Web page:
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As a part of the Counterpoints series Four Views on the Historical Adam clearly outlines four primary views on Adam held by evangelicals featuring top notch proponents of each view presenting their positions in their own words and critiuing the positions with which they disagree You will come away with a better understanding of the key biblical and theological issues at stake and of the implic. This counterpoints installment by Zondervan is an excellent addition to anyone looking for a serious introduction to the ongoing discussion for the historical Adam Contrary to most books the introductory chapter written by two of the editors is an excellent way to begin the book and should not be missed Each position is set forth by its respective author and is followed by a couple pages from each of the other contributing authors on their objections Each chapter closes with a reprisal from the contributing author that I found helpful at times but often suffered from being too expansive and lacking depth due to space restrictions imposed What follows is a short review of the first 3 chapters Evolutionary creation by Dennis Lamoureux Archetypical View by John Walton and John Collins Unfortunately I was unwilling to spend time with William Barrick's Young Earth Creationist viewpoint due to a combination of strong disagreement coming into the text which was ultimately realized in his rather silly objection on Lamoureux's chapterTo start I should note that I have previously read John Walton's The Lost World of Genesis One and found great plausibility and strength in his main points With that said I tried to read Lamoureux with the same fairnessLamoureux begins by setting the stage for his position and clearing the ground of any readers potential hostility towards the idea of evolution Being well versed in the foundations of evolution I found the first pages unsatisfying because they did not directly contribute to his position In fact I would argue that any reasonable reader would come to the discussion ready to dive directly into the discussion at hand Nevertheless there was a notable moment that precludes the actual discussion I believe we should follow the biblical and scientific evidence no matter where it leads I certainly agree Lamoureux's basis for the conjunction and implying that they should be used simultaneously as a logical check and corroboration of each other to extrapolate a clearer view of the truth While this would certainly be controversial to most I will leave the discussion for a appropriate contextAs John Collins Old Earth Creationist points out the point that God uses physical mechanisms to create life today is an invalid argument Lamoureux would have to show that the origin of life can be made by physical mechanisms I cannot answer this objection for lamoureux but I would suppose that Lamoureux would cite scientific literature explaining a number of current hypothesis on the origin of life developing through physical mechanism The real uestion is in what capacity is God involved in these yet undiscovered physical mechanisms This a point undeveloped by Lamoureux in his entire essay Walton's book even speaks on this by positing the layered cake model but even his discussion never goes beyond loosely stating that God on the top layer provides purpose to the mechanisms utilized by the bottom layer physical mechanisms I remain unconvinced Moreover another glaring stumble in Lamoureux's contribution was the unsupported statement that Real history in the bible begins roughly around Genesis 12 with Abraham The only support he offers is his position is like Most other evangelical theologians Again I am unconvinced All three responses take point on this I would state that after reading Walton’s book I would agree that Genesis 1 11 doesn't necessarily lack reality but instead is reality of a different plane presumably referencing the functional ontological perspective of the ancient near east I find Collins response completely inadeuate and Barrick acknowledges this but never responds to the claim It should be noted that Lamoureux's reprisal does not provide a response I found Lamoureux's insistence of accommodation and the contribution of the Message Incident principle and the concept of phenomenological language from an astronomical perspective to be particularly illuminating In fact Walton seems to have no major problems with this I also find that Walton and Lamoureux share conclusions on biological origins of creatures Both would arrive at the conclusion that creatures were not created de novo However focusing on Lamoureux he could not further his argument because current evolutionary data does not seem to suggest a complete method that they could evolve into the beings they are today While this limitation is on furthering of lamoureux's viewpoint it does not weaken the fact that it appears that creatures were not created de novo as in the ancient biological perspective I found Lamoureux's discussion of Adam's historicity to be illuminating and complements that which I learned from Walton's book but ultimately I could not make the logical leaps that Lamoureux makes The statement Adam is a retrojective conclusion of an ancient taxonomy is fine but it should not follow that Adam never existed If anything the fact that the genealogies point back to a single individual and the fact that there is no reason as walton states To believe That ancient genealogies included individuals whom they did not believe to exist should indicate that the there was a single first human created by God However I once again takes Walton's position that the account in Genesis 2 does not record the forming of a single uniue individual More on this when I cover Walton's chapter I am also in wholehearted agreement that just because the origin story of the Adam shares parallels with the ancient near east literature it does not follow that Adam is not a real person of the past Walton states the forming account may be an accommodation but that does not mean that the role of adam is an accommodation Moreover I share some of the concerns that both collins and Barrick share on salvation as a whole if we reject the role of adam as both a historical figure and his archetypical rolesignificance An explanation on this theological concern is ultimately not addressed by Lamoureux limits his discussion to possibility of de novo creation of Adam Lamoureux attempts to further support his claim that adam is an accommodation by the holy spirit as an incidental vessel to deliver inerrant spiritual truths by addressing Jesus reference in Matthew 194 6 and Paul's reference in Romans 512 and 15 Again I think Lamoureux is correct on his idea of the Holy Spirit accommodating to the ancient understanding of human origins but Walton is correct in uesting is Jesus is trying to make a theological point In other words it is an accommodations by both parties scientifically but it is a point of great theological significance with regards to the big picture of salvation Lamoureux does not address Walton's concern in the rejoiner To conclude both collins and Barrick seem to believe a non historical adam detracts from the overarching narrative element of the bible While I currently take Walton’s viewpoint on the historicity of Adam I don't believe Lamoureux's methodology leads to the the right conclusion His critical eye for accommodation in the bible is certainly noteworthy and commendable but I believe he misses a couple a important theological points takes a couple logical jumps and overall his overall all or nothing approach to accommodation to be faulty A few closing notes Collins contribution on distinguishing three categories of Ancient language and thus dismissing accommodation as a result is weak to say the least However his objection that We have excellent reasons for disputing whether a natural process is adeuate to produce human beings with their distinctive capacities I admit that this has always baffled me and I would be curious to do research as I am sure the lack of comfortableness most likely stems from my lack of knowledge Overall Collins has a couple good points but it didn't feel like a substantial and complete response to Lamoureux even though his response was given the most space I must add that I find Barrick's response that adam has no resemblance to rip van winkle or his plea For Eve to have evolved out of Adam would have taken millions of years Adam could not have slept for eons of time while God made the Woman This is the most absurd and ridiculous objection I've ever heard Lamoureux properly responded by pointing out that Barrick reveals his commitment to scientific concordism a practice that cannot be held While I found this objection laughable I was curious to see lamoureux defend Barrick’s objection on Jesus turning water to wine in Cana Lamoureux does not address this in the reprisal Also I was highly curious and doubtful when Lamoureux stated that scientific facts in the bible were revealed before their discovery by modern science However I found no such discussion or evidence in the textIn chapter 2 John Walton sets forth his view on Adam as an Archetype The gist of his argument is founded in Genesis 1 and 2 being read from the ancient near east ANE perspective and in particular the ANE’s focus on functional ontology This foundation provided much of the exegesis that allows Adam and Eve to be seen as archetypes To further the position of Adam as an archetype in Genesis 2 Walton begins by noting that “Adam” is the Hebrew word for humankind Presumably the point of this is to identify the significance of the name in the ANE context as an archetypal name and not a personal name to identify the first man cf 91 He then turns to the verb “Yasar” lacking a material context in “formed from dust” Gen 27 I found his lexical analysis here essential to thoroughly dismiss the material context of the verse yet I found it wanting after only a uick reference to Zechariah 121 is discussed Again this is most likely a byproduct of the space reuirement imposed of the author The significance of dismissing the material basis for “yasar” is found in the argument that Genesis 27 is not a statement on material discontinuity Walton goes on to posit “Adam being formed from dust does not preclude him being born of a women” I believe this logically follows but I do not find the dismissal of material context to be as concrete of a claim as I would like Walton continues by discussing Adam being taken and placed in a garden Walton points out an interesting possibility that there may be other people around this area cf Gen 414 but I fail to see how this spoils his incorporation of the origins of death into his hypothetical scenario with the Tree of Life being the source that allows Adam’s mortal body to achieve immortality Basically my uestion is if there were others around how did the tree of life not provide others with an antidote of mortality Several possible responses come to mind but it doesn’t seem to me as if the hypothetical scenario Walton provides at the end of the chapter serves well in this instance I found the section on “The message of the archetypes in Genesis contrasted to ANE” to be extremely rewarding and enriches the theology behind the archetypal view Walton’s contribution in the “Archetypal role of Adam and Eve in the New Testament” to be another highlight of the chapter Inside Walton provides some exegetical insight into a couple of passages relevant to the discussion at hand Of particulars notes are Romans 512 14 and First Corinthians 1545 In Romans we see the basis of imago dei hominids Gen 127 being subject to death but not morally responsible for their actions I find this hard to believe and as proverbs 1817 suggests I look to research what others read from Paul’s statement in Romans 513 This is of particular significance in Walton’s argument because it fits his view that Adam may not being the first human on the earth and that others may have come before him I believe this problem is could be solved by positing Genesis 127 and Genesis 27 as synoptic however this would be extremely short sighted and ignorant of the current scientific evidence We have to use the scientific evidence to check our assumptions that found our interpretations of scripture and anyone who has read the paper “Molecular genetics of speciation and human origin” should reasonably uestion assigning two individuals origins of homo sapiens in light of molecular biology’s contribution to our understanding on genes in the DNA While unable to rectify the conflict I do not believe it should be a major stumbling block in the acceptance of Walton’s Archetypal view Lastly the issue of First corinthians in Walton’s discussion is the lack of addressing the subject of the toledoth Previously Walton dismissed the material context of a verse off of one similar passage where the material context was absent One must wonder what Walton would do to respond to his stance on the toledoth serving as as an introduction to the next time period and thus resulting in Genesis 2 being an account that follows Genesis 1 This seems logical but as John Collins points out the archetypal focus “Fails to account for the whole context of the passage” Here Collins references first Corinthians 1549 as paul referring to the image of the man of dust being to have parallels to the image of God I see this as a valid literary point but I would uestion whether the image is a theological significance for the transmission of sin and the human situation resolved in the “image of the man of heaven” To be clear I don’t necessarily agree with collins attempt to keep Genesis 1 and 2 complementary AND synoptic but I do think they should be view as complementary as noted vigorously cf 127 Also on the topic of the transmission of original sin I should note that it seems theologically challenging to suggest that Adam is one of many humans occupying the narrative The paper “Molecular genetics of speciation and human origin” posits that molecular biology indicates a minimum of 100000 individuals had to be present during the 30 Million year transition from archaic humans to modern humans Presuming that the rise of homo sapiens sapiens parallels the creation of humankind in the image of God this is never defined by any author in the text one would have to identify where pre imago dei hominids fit into the picture of original sin Walton basis his claim of non responsibility in Romans 512 14 and the nature of original sin by one radiating out onto the rest of the world population and those to follow Walton basis his claim that there is no claim in the bible to biologicalgenetic relationships or material discontinuity and thus indicates that he currently favors a “radiation model” It should noted that the traditional view of seminal transmission has to be eliminated if one is to accept the evolutionary paradigm that there humankind does not find its headwaters in the material discontinuity and creation of Adam and Eve This is compounded by the point that Jesus biologically and genetically human yet he did not inherit sin biologically Walton notes he is not an expert on the doctrine of original sin yet I am curious to find a satisfactory answer to the problemThe last problem I found with Walton’s hypothetical scenario is the lack of functional food source until Genesis 25 6 The way I read Walton it seems as if the food sources had to derive from the “regular inundations of river systems saturated the ground indiscriminately thus no food was being grown” This begs the uestion of how could any life be supported without a functional food system As noted before a minimum population of 100000 necessitates a functional food system I would be curious on how Walton resolves this or if I am reading him wrong Even if Walton does not accept that there was a minimum 100000 individuals on the earth his hypothetical scenario fails to support life without a functional food source If he was to respond that fishing was the method of food and water came from the river systems I would be interested in the nutritional viability of a such a strict limited diet and how migrations of archaic humans were possible over large stretches of land without access to water sources and food sources I conclude that the objections given by Lamoureux and Collins provide a great tool to sharpen and clarify your understanding of the archetypal worldview In them I find no major methodological or exegetical issue that really but Walton’s view as a whole in uestion I would note that I would enjoy further research into Collin’s chiastic structure of Genesis 24 as a foundation for the synoptic nature of Genesis 1 and 2 I would also be interested in reading up on his views of why it is problematic that Adam is not the first human However with all this said I maintain that I find Walton’s view the most acceptable of the 4 views discussed in this book Obviously ongoing research would need to be done to work out the myriad of details and to fine tune the understanding of Adam’s historicityThe only thing that I can say about John Collin’s contribution is that it seems methodologically challenged and lacking substantial focus He brings up many great topics to discuss but the discussion suffers from being a mile wide and only an inch deep This is compensated heavily in the footnotes which is to be applauded but just reading the book alone does not do justice to Collins argument I am left with the impression that anyone looking to get a better understanding into Collins view should read his book “Did Adam and Eve really exist”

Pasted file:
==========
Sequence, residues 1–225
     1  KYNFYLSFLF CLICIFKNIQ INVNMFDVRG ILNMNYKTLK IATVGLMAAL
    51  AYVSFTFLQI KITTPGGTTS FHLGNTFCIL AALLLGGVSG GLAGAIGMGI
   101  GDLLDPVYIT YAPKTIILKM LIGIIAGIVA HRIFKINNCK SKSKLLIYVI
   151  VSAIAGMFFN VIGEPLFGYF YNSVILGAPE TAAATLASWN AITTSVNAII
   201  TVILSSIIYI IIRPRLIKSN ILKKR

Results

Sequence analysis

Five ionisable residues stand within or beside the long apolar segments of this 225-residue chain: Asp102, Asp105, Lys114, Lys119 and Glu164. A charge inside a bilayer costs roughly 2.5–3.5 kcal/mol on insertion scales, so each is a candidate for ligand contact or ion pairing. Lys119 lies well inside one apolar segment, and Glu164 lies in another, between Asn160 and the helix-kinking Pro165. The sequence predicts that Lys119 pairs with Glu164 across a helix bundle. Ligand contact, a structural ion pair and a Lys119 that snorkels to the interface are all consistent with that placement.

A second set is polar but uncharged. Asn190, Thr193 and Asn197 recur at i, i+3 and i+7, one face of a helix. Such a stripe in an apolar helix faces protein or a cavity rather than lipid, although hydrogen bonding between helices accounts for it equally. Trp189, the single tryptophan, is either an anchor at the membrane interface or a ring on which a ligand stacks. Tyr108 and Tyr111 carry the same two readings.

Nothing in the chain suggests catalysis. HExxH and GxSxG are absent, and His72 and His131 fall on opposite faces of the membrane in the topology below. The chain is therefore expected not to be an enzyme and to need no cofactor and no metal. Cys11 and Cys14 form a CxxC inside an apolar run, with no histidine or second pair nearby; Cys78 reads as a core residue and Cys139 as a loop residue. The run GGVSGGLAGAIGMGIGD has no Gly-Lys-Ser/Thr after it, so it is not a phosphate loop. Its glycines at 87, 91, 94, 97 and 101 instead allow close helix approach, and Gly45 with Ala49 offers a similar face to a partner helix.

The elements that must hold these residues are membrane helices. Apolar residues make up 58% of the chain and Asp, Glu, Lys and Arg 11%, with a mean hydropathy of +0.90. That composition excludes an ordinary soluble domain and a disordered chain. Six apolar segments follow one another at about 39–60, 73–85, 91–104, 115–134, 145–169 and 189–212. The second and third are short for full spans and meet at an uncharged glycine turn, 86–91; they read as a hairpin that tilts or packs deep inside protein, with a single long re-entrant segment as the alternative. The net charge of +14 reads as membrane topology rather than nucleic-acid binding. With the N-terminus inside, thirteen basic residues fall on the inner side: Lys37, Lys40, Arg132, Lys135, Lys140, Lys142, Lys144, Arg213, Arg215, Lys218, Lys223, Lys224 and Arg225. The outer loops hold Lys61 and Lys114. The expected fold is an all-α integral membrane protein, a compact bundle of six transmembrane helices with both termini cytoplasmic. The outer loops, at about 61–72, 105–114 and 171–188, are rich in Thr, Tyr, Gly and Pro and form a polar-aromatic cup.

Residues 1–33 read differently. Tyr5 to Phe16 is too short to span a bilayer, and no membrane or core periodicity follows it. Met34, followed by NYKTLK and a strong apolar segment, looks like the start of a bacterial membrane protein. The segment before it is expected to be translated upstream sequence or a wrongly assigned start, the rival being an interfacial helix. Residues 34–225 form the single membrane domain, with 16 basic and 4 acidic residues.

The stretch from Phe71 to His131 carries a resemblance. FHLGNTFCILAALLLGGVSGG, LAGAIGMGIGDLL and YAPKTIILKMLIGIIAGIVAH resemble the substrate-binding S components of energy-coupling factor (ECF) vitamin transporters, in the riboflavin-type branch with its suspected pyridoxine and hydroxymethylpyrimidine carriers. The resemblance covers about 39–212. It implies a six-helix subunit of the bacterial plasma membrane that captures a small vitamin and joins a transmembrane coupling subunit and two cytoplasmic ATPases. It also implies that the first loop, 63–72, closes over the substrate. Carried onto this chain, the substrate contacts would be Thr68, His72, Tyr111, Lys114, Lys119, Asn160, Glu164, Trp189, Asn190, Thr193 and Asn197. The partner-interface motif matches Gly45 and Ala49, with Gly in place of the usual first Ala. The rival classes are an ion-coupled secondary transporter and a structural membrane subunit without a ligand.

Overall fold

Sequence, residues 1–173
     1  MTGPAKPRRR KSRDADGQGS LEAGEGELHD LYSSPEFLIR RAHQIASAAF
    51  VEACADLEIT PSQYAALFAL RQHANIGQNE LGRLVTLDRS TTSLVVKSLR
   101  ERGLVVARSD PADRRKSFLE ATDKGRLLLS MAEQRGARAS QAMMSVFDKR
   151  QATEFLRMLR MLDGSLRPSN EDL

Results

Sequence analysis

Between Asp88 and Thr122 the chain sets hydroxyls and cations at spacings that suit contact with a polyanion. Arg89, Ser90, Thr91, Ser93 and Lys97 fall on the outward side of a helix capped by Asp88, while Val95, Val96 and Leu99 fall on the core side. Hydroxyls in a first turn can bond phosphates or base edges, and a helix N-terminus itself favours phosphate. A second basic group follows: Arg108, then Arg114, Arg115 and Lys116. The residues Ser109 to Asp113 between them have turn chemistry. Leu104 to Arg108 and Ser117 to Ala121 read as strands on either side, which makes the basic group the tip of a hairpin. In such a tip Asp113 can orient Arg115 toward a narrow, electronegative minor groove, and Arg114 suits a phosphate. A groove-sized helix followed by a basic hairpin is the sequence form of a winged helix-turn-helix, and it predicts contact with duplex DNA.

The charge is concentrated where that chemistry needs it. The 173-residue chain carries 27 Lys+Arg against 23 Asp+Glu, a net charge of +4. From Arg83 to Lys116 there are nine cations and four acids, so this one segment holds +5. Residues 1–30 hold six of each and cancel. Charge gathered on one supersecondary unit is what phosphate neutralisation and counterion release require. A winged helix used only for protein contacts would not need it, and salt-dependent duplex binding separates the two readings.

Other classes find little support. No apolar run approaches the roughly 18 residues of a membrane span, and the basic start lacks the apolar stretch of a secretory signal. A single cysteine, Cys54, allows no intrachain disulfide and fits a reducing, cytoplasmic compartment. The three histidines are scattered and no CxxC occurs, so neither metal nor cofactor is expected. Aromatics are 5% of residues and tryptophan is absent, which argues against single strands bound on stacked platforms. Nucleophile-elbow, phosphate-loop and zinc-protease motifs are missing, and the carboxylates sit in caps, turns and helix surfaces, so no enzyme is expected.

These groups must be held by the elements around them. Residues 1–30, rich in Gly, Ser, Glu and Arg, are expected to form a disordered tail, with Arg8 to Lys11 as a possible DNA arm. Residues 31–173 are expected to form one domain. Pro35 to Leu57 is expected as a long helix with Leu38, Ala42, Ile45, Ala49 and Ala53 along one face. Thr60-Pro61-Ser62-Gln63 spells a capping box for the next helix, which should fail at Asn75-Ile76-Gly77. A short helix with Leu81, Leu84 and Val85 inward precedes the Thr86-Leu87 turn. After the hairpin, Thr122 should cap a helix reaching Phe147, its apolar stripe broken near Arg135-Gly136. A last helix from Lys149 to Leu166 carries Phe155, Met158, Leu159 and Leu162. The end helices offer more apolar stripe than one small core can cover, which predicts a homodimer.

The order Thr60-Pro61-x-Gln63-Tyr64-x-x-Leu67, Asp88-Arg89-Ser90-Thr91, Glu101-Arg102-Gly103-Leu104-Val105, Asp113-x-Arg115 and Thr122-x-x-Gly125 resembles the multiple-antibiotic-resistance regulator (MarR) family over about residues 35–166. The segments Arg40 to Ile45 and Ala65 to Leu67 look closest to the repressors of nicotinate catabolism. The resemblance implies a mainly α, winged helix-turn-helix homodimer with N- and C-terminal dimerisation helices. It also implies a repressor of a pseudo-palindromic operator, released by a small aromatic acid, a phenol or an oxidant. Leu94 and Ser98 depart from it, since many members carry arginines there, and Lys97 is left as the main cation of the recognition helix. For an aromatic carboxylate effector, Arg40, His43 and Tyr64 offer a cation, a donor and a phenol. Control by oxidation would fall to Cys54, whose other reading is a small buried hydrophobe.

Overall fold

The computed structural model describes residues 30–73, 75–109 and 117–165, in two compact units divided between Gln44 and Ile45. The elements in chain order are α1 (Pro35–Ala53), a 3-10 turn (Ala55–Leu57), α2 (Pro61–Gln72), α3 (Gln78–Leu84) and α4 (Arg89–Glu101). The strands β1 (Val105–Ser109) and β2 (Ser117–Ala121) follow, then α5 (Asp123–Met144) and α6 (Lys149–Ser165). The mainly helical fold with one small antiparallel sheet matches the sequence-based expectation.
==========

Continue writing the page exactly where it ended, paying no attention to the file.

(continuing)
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Four Views on the Historical AdamIs your view theologically consistent and coherent than other views What are the implications of your view for the spiritual life and public witness of the church and individual believers and how is your view a healthier alternative for both Concluding reflections by pastor scholars Gregory A Boyd and Philip Graham Ryken highlight the significance of the topic in the faith of everyday believer. For the last few years the historicity of Adam has been a topic of controversy and debate within Evangelical academia It comes at no surprise that Zondervan would come out with a book in their Counterpoint series addressing this topic Four views are given a hearing in this book represented by Denis O Lamoureux Evolutionary Creation View that denies the historical Adam John Walton Archetypal Creation View C John Collins Old Earth Creation View and William D Barrick Young Earth Creation ViewNormally I’m cautious about these Four Views book either because I feel better contributors could have been selected or space limitation didn’t allow justice for the complex subject at hand With these expectations I must say I thought the book did a better job than I expected I’m happy to see some improvements over the years with this genre The four scholars selected are highly ualified representative of their respective views In previous works the format feature the chapters by each school followed by the responses by the other schools; I appreciated that this work also feature a rejoinder to the other schools’ responses a plus in my opinion in seeing what a counter rebuttal looks like I also appreciated the editors’ decision to have two pastoral reflections that discussed what the implication of the discussion of the historicity of Adam means practically for the Christian although I must say it seems Gregory Boyd’s essay ended up being on why Christians should welcome those who deny the historical Adam as brothers and sisters in the faith even in our disagreements The two contributors selected for this part were excellent Both Gregory Boyd and Philip Ryken are well known for being pastor scholars I thought the pastoral reflection also made their contribution to the discussion of which view one should take on the historical Adam uestion and these two essays must not be overlooked or dismiss because its pastoral in nature; in particular I had in mind how Ryken’s essay laid out what an historical or non historical Adam means theologically for the Christian experience and Gospel witnessI imagine not many will change their views from reading this book and yet I would say this book is still important and worth buying because it provide a concise summary of each perspective’s argument Never had I read a book in Zondervan’s Counterpoint series in which the contributors footnoted their own work as much as they did in this volume but I appreciated this as helpful for those who want to do further research One can’t really blame the contributors for footnoting themselves so much since this is a much complicated subject than most topics in this series since there is immediate uestion of Adam’s existence and also the undercurrent of one’s understanding of the role of modern scienceevolution in interpreting the Genesis 1 3 that formulate one’s conclusion to the Adam uestion Really this book had only one contributor Lamoureux who denied the historical Adam while the other three believed in a historical Adam; and yet all three who agreed on Adam didn’t arrive to their conclusion by the same method necessarily given their divergent view of the role of extra biblical data Modern cosmology science evolution Ancient Near East studies in interpreting Genesis 1 3 Dr Barrick has one of the most exegetically rich chapters in the book and readers will appreciate his grammatical and syntactical observation brought out from Genesis 1 2 The contributor with the strongest scientific background is Lamoureux but appeared to be the most exegetically weak where in the responses the other three contributors harped on him for his take on the Hebrew word Raia and his misleading translation of this term as “firmament” NOTE This book was provided to me free by Zondervan and Net Galley without any obligation for a positive review All opinions offered above are mine unless otherwise stated or implied

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free read Four Views on the Historical Adam ô PDF, eBook or Kindle ePUB Ã As a part of the Counterpoints series Four Views on the Historical Adam clearly outlines four primary views on Adam held by evangelicals featuring top notch proponents of each view presenting their positions in their own words and critiuAtions of Adam for contemporary Christian witness and church life Contributors include Denis O Lamoureux John H Walton C John Collins and William Barrick Each focuses his essay on answering the following uestions What is the biblical case for your viewpoint and how do you reconcile it both with modern science and with passages and potential interpretations that seem to counter it In what ways. Four Views on the Historical Adam edited by Matthew Barrett and Ardel B Caneday provides the views of six contributors The primary four are Denis O Lamoureux John H Walton C John Collins and William D Barrick each of whom is recognized scholar in the field These contributors will provide their views on creation and especially in regard to whether or not Adam existed Each author will then critiue the view of the other Following is a pastoral response from established preachers Gregory Boyd and Philip Ryken who address the impact of creation belief on the Christian faith Following is a brief summary of the book Summary The front matter of the book includes information about the individual contributors abbreviations and Bible versions that are used in the text Next is an introduction by Barrick and Caneday describing the book’s procedures and content They supply a brief historical overview of beliefs about the creation tale of the Bible including a number of evolutionary theories and the historic identity of Adam They describe the general thesis of each individual contributor that will form the core of the text along with essays critiuing the argument of the primary essay Chapter One is “No Historical Adam Evolutionary Creation View” by Denis O Lamoureux He proposes that the Triune God created the universe via an “ordained sustained and intelligent design reflecting natural process” The Bible demonstrates an ancient Ancient Near Eastern comprehension of the natural world and does not include modern scientific facts Adam is an incidental figure in the biblical record who serves to portray spiritual truths rather than literal scientific biological truths Although Adam never existed this fact does not impact Christianity Lamoureux argues that scientific condordism is not a viable theory as the Bible uses phenomenological language to describe things according to their appearance from the human perspective such as the rising and setting of the sun These experiences do not match what modern science tells us and serve as examples of accommodation on the part of God to match human understanding of the time He proposes that Adam serves to show biblical truths especially original sin and that the arrival of the first evolutionary developed humans to be a theological mystery In response to Lamoureux’s argument John H Walton believes that evolutionary creation is valid as long as it preserves the orthodoxy of the faith He supports the view that the Bible reflects an Ancient Near Eastern View of reality rather than the scientific reality we know today as well as accommodation by God to the biblical writers Further he argues that the creation texts of the Bible are predominantly about functional rather than merely material purposes in creations He also agrees with Lamoureux that Adam serves an archetypal function but argues that this does not mean that Adam did not actually exist C John Collins has a greater degree of disagreement with Lamoureux’s essay essentially viewing it as oversimplified approach featuring either or proposals He rejects the connection between literalness and historicity He argues that the view of scientific concordism should be nuanced to allow the legitimate use of historical concordism and he feels the author gives too much significance to the principle of accommodation on God’s part to an ignorant mankind William D Barrick argues strongly against the incidental or non existent archetypal conclusion regarding the historicity of Adam upon which originaluniversal sin relies He rejects Lamoureux’s reliance upon modern evolutionary theory and claims the creation to have been a one time act of special creation by God in six days as Genesis holds He denies that the accommodation principle mentioned above is valid Following is a rejoinder by Lamoureux dealing with the primary arguments made by the others He spends most of his effort defending the accommodation principle and the valid use of the modern scientific understanding of the cosmos Chapter Two is “A Historical Adam Archetypal Creation View” by Walton He maintains that Adam was a historical figure Despite this he believes that Adam serves an archetypal function in the Bible in that he represents all humanity especially in Genesis 2 regarding his creation Walton asserts that Genesis 2 is not making biological truth claims and therefore should not be viewed as treating with scientific data This archetypal focus is theologically viable particularly regarding sin and death and is supported in Ancient Near Eastern literature and culture In his response Lamoureux disagrees with Walton’s functional approach to origins believing it is too limited as most of the biblical accounts deal with both material and functional purposes He agrees with Walton’s ideas of ancient science present in Scripture and generally with the archetypal view Collins argues that Walton mistakenly asserts that Adam’s creation need not be the same as mankind generally and that Adam need not have been the first man Genesis 1 and 2 should be viewed as complementary narratives Barrick views Walton’s approach to temple theology commendable The archetypal view is valid in the sense is does not necessitate Adam being non historical Since Jesus is understood as a literal and historic figure serving as an archetype so should Adam He claims Adam should represent both seminal and federal headship of mankind In his rejoinder Walton claims that the responses are primarily re castings of the others’ arguments rather than valid and meaningful responses He spends most of his space dealing with Ancient Near Eastern worldviews and the material creation He argues against source criticism as a legitimate method for interpretation Chapter Three is “A Historical Adam Old Earth Creation View” by C John Collins He argues that the proper way to view Adam is that he was a historic person The first man is the source of original sin Further he is the progenitor of all mankind Still the genre and nature of the biblical record should not be taken too literally in order to account for connections between scientifichistorical accounts of creation evidencing an old earth theory Lamoureux agrees that there is an over arching storyline to the Bible and that Adam is a significant character However he argues that this does not necessitate a historical Adam He believes that Collins’ use of scientific condordism and God of the gaps fails to support the old earth methodology Walton agrees that a historical event is reuired to bring sin into the world and with the proposal that material human origins and the creation reuire that God be involved somehow in the process even if His contribution is hidden However he disagrees that the Ancient Near Eastern literature should be categorically denied as historic or literal Barrick claims that Collins’ view and his own differ primarily in how to date the age of the earth The historicity of the events should be expanded to the descriptions in the biblical text Specific time frames sometimes appear in the biblical account and these should be taken as both literal and important The old earth theory fails because it is slave to modern scientific principles that change In his rejoinder Collins clarifies his original proposals about his scientific concordist and God of the gaps stratagems arguing for a historical rather than scientific concordism He denies his position over relies upon current scientific thought Chapter Four is “A Historical Adam Young Earth Creation View” by William D Barrick His argument involves Adam as the seminal and federal head of humanity Further Adam’s existence is vital for a number of doctrines His reality is also important regarding the inspiration and inerrancy of Scripture He denies the accommodation theory as well as evolutionary theories claiming the literal six day creation as portrayed in the Bible is the accurate account Lamoureux does not believe that original sin reuires a historical Adam; original sin certainly exists but it came from “behaviorally modern humans about 50000 years ago” He rejects the view that no historical Adam results in no need for Jesus He maintains that modern scientific fact is the proper basis for determining the processes and time frames for creation Walton points out that Barrick spends an inordinate amount of effort refuting others’ views rather than supporting his own Barrick misunderstands the archetypal principle and uses “scare tactics” in his writing He jumps to conclusions without valid support Collins agrees that Adam and the creation are actual events He thinks Barrick overemphasizes the importance between a literal interpretation of the Bible and historicity Further Barrick has unnecessarily tied this idea to inerrancy Following is “A Pastoral Reflection Whether of Not There Was a Historical Adam Our Faith is Secure” by Gregory Boyd He argues that Adam was probably a historical figure However this belief is not vital to the Christian faith Debates about the reality and person of Adam are acceptable and even positive as they contribute to biblical knowledge but these debates should not divide scholars or the church Next is “A Pastoral Reflection Understand the World or Our Faith Without a Real Historical Adam” by Philip G Ryken He firmly believes in a historical Adam due to hermeneutics doctrine and literal historical narratives confirm this He agrees with Boyd that belief in a historical Adam is a test of orthodoxy but he maintains that the understanding of Adam’s personage enriches one’s understanding of God’s Word Rounding out the book are name and Scripture indices a list of books in the series copyright information and a page about the publisher ConclusionI rate this book four of five stars This type of argument based approach by multiple authors is a helpful overview of the issue at hand as each contributor is representative of the most popular views held by scholars and the public Those wanting information regarding a given proposal can follow up with independent research I do believe the historicity of Adam has important ramifications for the Christian faith in general as well as the presuppositions of the individual